“Lindbergh’s Paris Trip Makes Him World Hero” Summary

  • Last updated on November 10, 2022

When the Wright brothers achieved the first engine-powered flight in 1903, their initial report was not accepted by their hometown newspaper because the editor thought it was a fraud. When leaked to other papers the next day, the story captured the public’s imagination. From that time forward, newspapers aggressively sought news about the latest achievements in aviation. The public expected their main source of news to carry stories about the conquest of the air. The more dangerous the challenge, the greater the public interest. Flying across the ocean, an emergency landing impossible, was seen as the ultimate challenge. When attempts were made to cross the Atlantic, people watched closely. This report on Lindbergh’s success, carried in the Augusta Chronicle, and other major papers, was widely read. It helped convey the excitement of the event experienced by the crowd in Paris, helping people around the world share in this jubilation and in Lindbergh’s success.

Summary Overview

When the Wright brothers achieved the first engine-powered flight in 1903, their initial report was not accepted by their hometown newspaper because the editor thought it was a fraud. When leaked to other papers the next day, the story captured the public’s imagination. From that time forward, newspapers aggressively sought news about the latest achievements in aviation. The public expected their main source of news to carry stories about the conquest of the air. The more dangerous the challenge, the greater the public interest. Flying across the ocean, an emergency landing impossible, was seen as the ultimate challenge. When attempts were made to cross the Atlantic, people watched closely. This report on Lindbergh’s success, carried in the Augusta Chronicle, and other major papers, was widely read. It helped convey the excitement of the event experienced by the crowd in Paris, helping people around the world share in this jubilation and in Lindbergh’s success.

Defining Moment

Although steady progress had been made in aircraft development prior to World War I, the war effort rapidly pushed the technology forward. A transcontinental flight (over a fifty-day period) had been made prior to the war, but it was only after the war that such a trip became practical to carry out it within one day, and then without refueling. The fame of early pioneers spread rapidly, and others were eager for the next challenge. In 1919, Raymond Orteig offered a prize of $25,000 to the first person, or persons, to fly from New York to Paris, or Paris to New York. Although a nonstop flight from New York to San Diego was accomplished in 1923, going to Paris increased the distance by about fifty percent. Thus, it was not for another few years until the technology advanced to the point where individuals believed it was feasible to attempt a transatlantic flight. Individuals and companies from several countries tried to be a part of the first successful flight. Most were investing much more money than the prize which was offered, because it was all about being first.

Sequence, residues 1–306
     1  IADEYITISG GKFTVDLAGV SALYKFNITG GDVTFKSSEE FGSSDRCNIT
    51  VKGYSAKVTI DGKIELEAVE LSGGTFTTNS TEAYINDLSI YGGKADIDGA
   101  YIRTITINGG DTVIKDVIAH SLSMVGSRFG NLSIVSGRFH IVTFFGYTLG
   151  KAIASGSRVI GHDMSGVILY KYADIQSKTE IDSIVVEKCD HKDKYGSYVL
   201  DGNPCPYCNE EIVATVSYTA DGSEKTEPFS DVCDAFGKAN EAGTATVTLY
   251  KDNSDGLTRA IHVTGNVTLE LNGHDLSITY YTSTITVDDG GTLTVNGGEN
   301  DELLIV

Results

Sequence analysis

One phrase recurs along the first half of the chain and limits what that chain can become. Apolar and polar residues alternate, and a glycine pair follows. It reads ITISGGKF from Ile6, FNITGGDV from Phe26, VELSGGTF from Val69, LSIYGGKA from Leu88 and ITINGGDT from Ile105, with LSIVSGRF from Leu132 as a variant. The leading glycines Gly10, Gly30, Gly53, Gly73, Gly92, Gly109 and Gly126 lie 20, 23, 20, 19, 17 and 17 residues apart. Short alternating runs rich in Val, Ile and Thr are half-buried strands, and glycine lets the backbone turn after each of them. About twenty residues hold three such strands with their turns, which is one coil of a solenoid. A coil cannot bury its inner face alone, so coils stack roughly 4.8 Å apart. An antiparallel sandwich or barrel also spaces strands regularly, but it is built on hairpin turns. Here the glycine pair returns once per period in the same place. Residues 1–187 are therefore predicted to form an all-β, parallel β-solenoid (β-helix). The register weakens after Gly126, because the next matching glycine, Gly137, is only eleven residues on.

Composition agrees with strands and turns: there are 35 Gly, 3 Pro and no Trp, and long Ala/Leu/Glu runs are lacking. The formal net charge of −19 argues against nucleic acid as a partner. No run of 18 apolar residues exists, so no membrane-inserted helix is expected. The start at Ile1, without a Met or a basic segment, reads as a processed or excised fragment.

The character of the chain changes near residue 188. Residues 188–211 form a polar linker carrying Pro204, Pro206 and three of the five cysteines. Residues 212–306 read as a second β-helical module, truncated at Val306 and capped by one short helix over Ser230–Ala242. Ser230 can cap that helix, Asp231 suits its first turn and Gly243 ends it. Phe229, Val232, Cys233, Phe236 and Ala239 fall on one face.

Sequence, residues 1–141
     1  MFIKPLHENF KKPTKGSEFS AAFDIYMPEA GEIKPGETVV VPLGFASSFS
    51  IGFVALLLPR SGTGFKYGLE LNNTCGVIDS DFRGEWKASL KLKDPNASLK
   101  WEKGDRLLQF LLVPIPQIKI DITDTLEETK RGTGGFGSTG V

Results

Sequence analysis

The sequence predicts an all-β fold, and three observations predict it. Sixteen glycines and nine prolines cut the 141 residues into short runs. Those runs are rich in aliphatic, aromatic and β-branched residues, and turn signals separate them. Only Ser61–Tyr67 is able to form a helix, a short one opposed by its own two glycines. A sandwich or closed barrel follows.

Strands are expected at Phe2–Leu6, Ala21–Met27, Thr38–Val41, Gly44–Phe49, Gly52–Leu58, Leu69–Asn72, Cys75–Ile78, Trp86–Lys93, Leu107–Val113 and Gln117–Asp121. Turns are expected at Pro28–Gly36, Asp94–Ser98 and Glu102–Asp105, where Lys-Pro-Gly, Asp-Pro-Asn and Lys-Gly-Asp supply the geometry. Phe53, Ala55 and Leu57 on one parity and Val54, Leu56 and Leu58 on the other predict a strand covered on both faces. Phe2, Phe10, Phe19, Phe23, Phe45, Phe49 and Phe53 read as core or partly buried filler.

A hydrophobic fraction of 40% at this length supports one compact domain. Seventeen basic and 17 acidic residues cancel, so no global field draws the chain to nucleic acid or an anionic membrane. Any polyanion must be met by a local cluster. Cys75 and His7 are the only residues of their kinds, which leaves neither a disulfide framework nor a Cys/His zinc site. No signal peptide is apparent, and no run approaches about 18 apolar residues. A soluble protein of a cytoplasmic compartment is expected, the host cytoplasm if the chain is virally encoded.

One individual who was interested in being the first across the Atlantic was Charles Lindbergh. A pilot who flew the airmail route from St. Louis to Chicago, Lindbergh had many hours of flight time in all sorts of conditions. He had begun flying in 1922, barnstormed for a few years, and then, in 1925, graduated from the Army’s Air Service Reserve Corp, being commissioned a Second Lieutenant. In early 1927, he and three other backers from St. Louis invested $18,000 in the effort. Lindbergh worked with the Ryan Company to design and build a new airplane, for $10,580, adapted from the design of a plane the Ryan Company had built for carrying mail.

Less than a month before Lindbergh took off for Paris, he took possession of the Spirit of St. Louis, and then, on May 10, he flew it from California to New York. Other teams were already in place to make an attempt to fly to Paris, all with larger budgets and larger planes. There had been several fatalities among the many who were trying to achieve the goal, including two Frenchmen less than two weeks prior to Lindbergh’s takeoff. People around the world knew that within the next few months someone would be successful. In less than ideal conditions, Lindbergh took off from New York on May 20, 1927. The aviation community held its breath until he was sighted passing over Ireland. When he entered French airspace, crowds gathered at the Paris airport to witness his historic landing. Although others (in two-person teams) had flown from Newfoundland to Ireland years earlier, this city-to-city, continent-to-continent, first solo transatlantic flight captured imaginations around the world.

Author Biography

The Augusta Chronicle, published in Augusta, Georgia, bills itself as the oldest newspaper in the South. Tracing its roots back to the Augusta Gazette, which was founded in 1785, it is indeed one of there are very few active newspapers originating in the eighteenth century. In 1927, the Augusta Chronicle was locally owned. Affiliated with the Associated Press (AP) news organization, stories such as the one originating in Paris came from AP reporters who were assigned to a location–in this case, Paris. Some reporters had their own bylines, but most were anonymous individuals who reported the national and international news for, at that time, the member newspapers. Reports, such as this one, were trusted by the readers, as both the newspaper and the AP were understood to be honest, reliable sources of information. In 1927, newspapers were the major source of news, although radio was starting to develop a strong rivalry.